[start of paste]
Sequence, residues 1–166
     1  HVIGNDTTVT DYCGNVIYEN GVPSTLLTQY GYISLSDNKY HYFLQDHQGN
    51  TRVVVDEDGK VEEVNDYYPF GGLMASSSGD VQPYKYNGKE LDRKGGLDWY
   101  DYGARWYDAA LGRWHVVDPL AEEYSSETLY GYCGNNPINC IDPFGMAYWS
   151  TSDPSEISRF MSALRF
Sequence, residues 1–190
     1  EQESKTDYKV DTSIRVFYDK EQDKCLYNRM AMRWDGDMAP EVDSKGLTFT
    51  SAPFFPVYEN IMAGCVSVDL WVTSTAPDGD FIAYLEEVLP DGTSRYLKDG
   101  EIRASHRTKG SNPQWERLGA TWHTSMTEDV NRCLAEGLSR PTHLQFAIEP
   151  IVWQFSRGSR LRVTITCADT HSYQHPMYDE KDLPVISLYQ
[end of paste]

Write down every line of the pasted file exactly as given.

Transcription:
Sequence, residues 1–166
     1  HVIGNDTTVT DYCGNVIYEN GVPSTLLTQY GYISLSDNKY HYFLQDHQGN
    51  TRVVVDEDGK VEEVNDYYPF GGLMASSSGD VQPYKYNGKE LDRKGGLDWY
   101  DYGARWYDAA LGRWHVVDPL AEEYSSETLY GYCGNNPINC IDPFGMAYWS
   151  TSDPSEISRF MSALRF
Sequence, residues 1–190
     1  EQESKTDYKV DTSIRVFYDK EQDKCLYNRM AMRWDGDMAP EVDSKGLTFT
    51  SAPFFPVYEN IMAGCVSVDL WVTSTAPDGD FIAYLEEVLP DGTSRYLKDG
   101  EIRASHRTKG SNPQWERLGA TWHTSMTEDV NRCLAEGLSR PTHLQFAIEP
   151  IVWQFSRGSR LRVTITCADT HSYQHPMYDE KDLPVISLYQ